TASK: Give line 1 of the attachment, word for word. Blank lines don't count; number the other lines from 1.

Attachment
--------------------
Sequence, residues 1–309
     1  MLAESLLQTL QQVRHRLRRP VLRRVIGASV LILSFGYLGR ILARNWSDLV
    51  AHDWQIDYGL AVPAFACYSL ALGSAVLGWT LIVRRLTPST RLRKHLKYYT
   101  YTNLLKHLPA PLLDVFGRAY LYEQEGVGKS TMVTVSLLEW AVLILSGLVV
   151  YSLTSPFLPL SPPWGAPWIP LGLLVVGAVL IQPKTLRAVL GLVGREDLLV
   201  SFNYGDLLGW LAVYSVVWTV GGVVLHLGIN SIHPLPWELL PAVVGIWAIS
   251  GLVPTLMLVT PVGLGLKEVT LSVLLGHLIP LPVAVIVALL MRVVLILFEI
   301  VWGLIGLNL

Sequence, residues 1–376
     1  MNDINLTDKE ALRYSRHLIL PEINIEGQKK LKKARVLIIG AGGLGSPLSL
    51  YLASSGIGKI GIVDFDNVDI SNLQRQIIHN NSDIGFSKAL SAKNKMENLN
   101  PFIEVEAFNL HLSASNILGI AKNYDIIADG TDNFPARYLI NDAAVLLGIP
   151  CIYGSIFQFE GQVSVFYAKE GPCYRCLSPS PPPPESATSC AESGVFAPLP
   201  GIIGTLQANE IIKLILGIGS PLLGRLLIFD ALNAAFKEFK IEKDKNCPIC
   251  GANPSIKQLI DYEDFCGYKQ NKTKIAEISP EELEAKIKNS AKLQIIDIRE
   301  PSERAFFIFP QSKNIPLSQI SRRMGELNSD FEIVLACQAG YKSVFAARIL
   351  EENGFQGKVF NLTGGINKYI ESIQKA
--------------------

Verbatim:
Sequence, residues 1–309